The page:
By Ayomide Tayo
Ill Bliss stakes his claim as the biggest boss seen thus far in the Nigerian rap game…
Album -Oga Boss
Artiste – Ill Bliss
Features – Suspect, Phyno, Banky W, Silvastone, Wizboy, Ice Prince, Chidinma, Del B, Storm Rex, Timaya and Naeto C
Producers- Suspect, Phyno, Legendury Beatz, XYZ, Silvastone, Wizboy, Wazbeat, and Del B
Record Label – The Goretti Company/Capital Hill Music
Running Time- 49 minutes 9 seconds
One thing that hits when you play Illbliss’ Oga Boss is the improvement of his rhyme scheme. Before now, many critics saw Bliss’ rhyming as his soft spot. The Capital Hill chieftain has upgraded his rhyme pattern, which he is beginning to show mastery of. Take for instance the LP’s opener ‘Illyminate’ featuring Tha Suspect, where he comes out spitting in a Rakim-esque manner ‘omo-I declare more Alomo/demo-gunshots ringing in the air/this one no be robbery (omila)/security-‘cos the boy get too much liquidity.’ On ‘Currency Boyz 2’ which boasts of an Ice Prince Zamani feature, Illy waltzes around the sonic floor constructed by Suspect. “We gifted from the umbilical- biblical/Oga boss spits ridicule-cynical,” he rhymes, making him one of Nigeria’s most improved MCs.
On his sophomore effort, Illbliss has been able to build a boss-like persona, which he is able to pull off considerably well. Oga Boss is filled with street influenced cuts which allow Ill Bliss to express his Mafioso-esque character. On ‘2 Hands’ produced by XYZ, he lets you know that he’s not your average hustler on the streets, so you have to shake him with two hands as a sign of respect. Other songs, such as the street scorcher ‘Anamachi Kwanu’ featuring Phyno and ‘I’m Going In’ reinforce his status.
XYZ creates a moody atmosphere on ‘Asiko’ featuring Tha Suspect, as Illbliss reminisces about his struggle before he hit big. “No finances, I just kept moving on/got some passion- no whips and mansion/no sponsor- got a day job just to pay my bills/’cos you know the skills not enough… After the hustle comes the glory, and as a boss who watches out for his team, Illbliss carries fellow Capital Hill artistes, Chidinma and Tha Suspect to celebrate their big balling status on ‘E Mi Ni Baller,’ produced by Legendary Beatz.
Despite being a boss, Illbliss isn’t afraid of showing his weakness- his wife. His better half is referenced on several tracks on the album, most notably on ‘My Heartbeats’ featuring Banky W and Silvastone and ‘Gidigba’ featuring Del B where he says “more than a diamond, cut from the finest stones/soft spoken, forever you are the queen of my home/before and after the seeds, I go remain gidigba.”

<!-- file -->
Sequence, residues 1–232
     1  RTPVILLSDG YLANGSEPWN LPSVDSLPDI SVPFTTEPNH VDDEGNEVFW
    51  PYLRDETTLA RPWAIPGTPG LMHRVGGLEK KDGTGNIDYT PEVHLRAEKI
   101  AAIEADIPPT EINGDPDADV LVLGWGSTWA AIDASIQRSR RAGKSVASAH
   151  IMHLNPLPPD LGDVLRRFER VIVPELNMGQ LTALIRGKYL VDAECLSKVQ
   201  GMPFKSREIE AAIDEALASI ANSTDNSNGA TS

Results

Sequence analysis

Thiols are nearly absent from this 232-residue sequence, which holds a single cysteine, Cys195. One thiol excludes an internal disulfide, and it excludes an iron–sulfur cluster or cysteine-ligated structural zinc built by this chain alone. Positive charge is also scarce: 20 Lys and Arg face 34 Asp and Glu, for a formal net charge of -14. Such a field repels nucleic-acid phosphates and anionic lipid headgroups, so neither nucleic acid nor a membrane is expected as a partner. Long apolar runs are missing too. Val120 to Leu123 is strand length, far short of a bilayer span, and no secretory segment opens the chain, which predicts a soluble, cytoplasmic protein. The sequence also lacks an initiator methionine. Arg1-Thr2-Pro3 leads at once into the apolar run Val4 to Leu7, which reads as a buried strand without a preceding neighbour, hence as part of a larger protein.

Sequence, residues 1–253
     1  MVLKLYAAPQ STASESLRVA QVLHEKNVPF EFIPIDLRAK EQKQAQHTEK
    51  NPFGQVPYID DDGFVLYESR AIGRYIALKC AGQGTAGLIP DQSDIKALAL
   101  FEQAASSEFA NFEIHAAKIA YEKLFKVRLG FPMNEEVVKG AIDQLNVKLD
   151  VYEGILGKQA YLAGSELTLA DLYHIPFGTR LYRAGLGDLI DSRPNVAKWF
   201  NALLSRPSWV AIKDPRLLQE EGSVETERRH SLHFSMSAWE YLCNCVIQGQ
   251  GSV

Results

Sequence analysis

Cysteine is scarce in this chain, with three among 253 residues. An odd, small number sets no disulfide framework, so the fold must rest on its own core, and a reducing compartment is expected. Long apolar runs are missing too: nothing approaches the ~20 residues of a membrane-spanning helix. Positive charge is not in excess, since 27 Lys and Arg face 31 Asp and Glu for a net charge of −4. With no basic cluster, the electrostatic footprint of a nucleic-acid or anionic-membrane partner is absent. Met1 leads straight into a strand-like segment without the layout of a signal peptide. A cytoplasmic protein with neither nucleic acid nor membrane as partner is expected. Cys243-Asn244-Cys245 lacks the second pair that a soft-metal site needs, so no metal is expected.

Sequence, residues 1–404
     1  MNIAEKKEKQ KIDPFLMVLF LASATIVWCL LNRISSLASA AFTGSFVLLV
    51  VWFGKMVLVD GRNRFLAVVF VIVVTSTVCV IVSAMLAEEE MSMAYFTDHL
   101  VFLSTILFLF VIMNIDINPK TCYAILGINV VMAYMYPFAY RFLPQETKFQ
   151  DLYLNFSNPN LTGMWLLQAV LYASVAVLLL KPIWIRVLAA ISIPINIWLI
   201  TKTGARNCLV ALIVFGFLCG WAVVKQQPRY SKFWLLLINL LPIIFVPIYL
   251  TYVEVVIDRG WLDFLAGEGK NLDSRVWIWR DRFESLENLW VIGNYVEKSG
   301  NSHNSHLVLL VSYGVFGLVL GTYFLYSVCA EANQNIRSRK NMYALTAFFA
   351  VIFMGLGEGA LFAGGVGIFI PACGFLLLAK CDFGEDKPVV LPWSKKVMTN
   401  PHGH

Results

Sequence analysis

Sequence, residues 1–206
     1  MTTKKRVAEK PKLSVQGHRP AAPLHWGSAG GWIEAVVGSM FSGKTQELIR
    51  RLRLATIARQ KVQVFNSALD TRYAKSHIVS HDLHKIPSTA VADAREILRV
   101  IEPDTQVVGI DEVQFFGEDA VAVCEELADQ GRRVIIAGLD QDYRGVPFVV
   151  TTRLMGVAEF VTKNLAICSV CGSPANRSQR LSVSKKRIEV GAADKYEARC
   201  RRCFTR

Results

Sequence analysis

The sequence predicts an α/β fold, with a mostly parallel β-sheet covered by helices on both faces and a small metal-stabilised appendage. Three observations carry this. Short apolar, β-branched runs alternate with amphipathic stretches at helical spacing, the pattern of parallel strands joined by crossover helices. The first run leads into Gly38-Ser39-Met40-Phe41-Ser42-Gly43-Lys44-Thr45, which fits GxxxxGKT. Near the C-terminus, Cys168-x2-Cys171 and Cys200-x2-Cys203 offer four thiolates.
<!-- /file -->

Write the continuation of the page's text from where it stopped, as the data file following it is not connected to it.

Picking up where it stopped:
Illbliss’ vision of dropping a song to cater to the contemporary highlife demographic fails as ‘Graduate’ featuring Wizboyy comes off as uninteresting. A few other guest features don’t hit the spot. Timaya has a soulful voice, but his penchant for not pushing himself lyrically has marred several of his songs. On ‘Double Double’ he actually sings “right now we are double/anything we do is a double double/every car that we buy is a double double/everything that we wear is a double double” as the chorus of the song. Meanwhile, Naeto C’s verse comes off as uninspired on ‘Hustlers Footstep‘, which boasts of another brilliant production from Phyno.
Oga Boss’ flaws are forgivable when you hear ‘Naalu Ekene’ featuring Storm Rex, also produced by Phyno. The soulful Igbo hook will truly the lift the spirit of hustlers out there hoping to be the boss someday. This combination of Phyno and Illbliss creates arguably the album’s best track, which he dedicates to the late MC Loph.
On Oga Boss, Illbliss doesn’t make an attempt to please everyone. He is comfortable where he is at in the game. His sophomore album is a testament of hard work, ambition, determination and success. With a confident and solid second album, Illbliss reigns as the boss of all bosses.
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